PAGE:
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Date: Wed, 11 Jun 2008 03:29:06 +0400
From: Solar Designer <>
Subject: Re: exploitability of off-by-one in motion webserver

On Tue, Jun 10, 2008 at 06:24:33PM +0200, Nico Golde wrote:
> 1950 static int read_client(int client_socket, void *userdata, char *auth)
> ....
> 1953         int ret = 1;
> 1954         char buffer[1024] = {'\0'};
> 1955         int length = 1024;
> Overwriting the frame pointer should be not possible since there are variables
> on the stack before buffer.

You're assuming that all automatic variables are allocated on the stack
and in-order, but neither has to be the case.  The compiler is free to
place these variables in registers (in which case it might or might not
also allocate stack space for them), to re-order the variables that it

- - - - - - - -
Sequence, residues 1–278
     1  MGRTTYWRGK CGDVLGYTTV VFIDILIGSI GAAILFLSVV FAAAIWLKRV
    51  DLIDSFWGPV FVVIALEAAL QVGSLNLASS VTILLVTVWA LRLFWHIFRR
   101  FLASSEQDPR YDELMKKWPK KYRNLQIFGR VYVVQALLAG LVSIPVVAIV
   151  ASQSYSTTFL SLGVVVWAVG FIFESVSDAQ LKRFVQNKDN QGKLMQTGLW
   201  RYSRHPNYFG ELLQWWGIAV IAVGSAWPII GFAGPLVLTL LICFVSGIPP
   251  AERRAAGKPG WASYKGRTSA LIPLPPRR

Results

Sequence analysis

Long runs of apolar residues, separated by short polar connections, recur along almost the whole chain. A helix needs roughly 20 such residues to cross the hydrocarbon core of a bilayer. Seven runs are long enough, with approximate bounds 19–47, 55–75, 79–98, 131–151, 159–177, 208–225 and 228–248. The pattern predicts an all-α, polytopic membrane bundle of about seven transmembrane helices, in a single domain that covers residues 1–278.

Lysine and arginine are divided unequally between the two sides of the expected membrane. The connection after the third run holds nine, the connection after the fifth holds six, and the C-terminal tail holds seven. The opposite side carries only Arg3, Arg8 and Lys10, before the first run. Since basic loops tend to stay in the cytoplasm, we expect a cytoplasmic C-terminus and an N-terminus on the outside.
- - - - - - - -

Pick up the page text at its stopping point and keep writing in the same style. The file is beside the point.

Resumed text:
does allocate stack space for, and even to optimize some variables out
if it can.

This means that the frame pointer attack is not out of consideration.
The risk is there.

> However it should be possible to overwrite ret with 0 which is used in line 2073 as
> the return value of the function (normal termination returns 1).
> This is the theoretical point but I was not able to reproduce this on
> a 64bit system. Does anyone have an idea why this could be the case or
> is even able to reproduce this?

I'd expect "ret" to be placed into a register, or at least cached in a
register, which explains why you're not able to affect its value.  Of
course, there's no guarantee that it won't be read back from the stack
in another build, allowing for the attack in case it's also placed right
above the buffer.  (I assume that you're on little-endian.)

I hope this helps.

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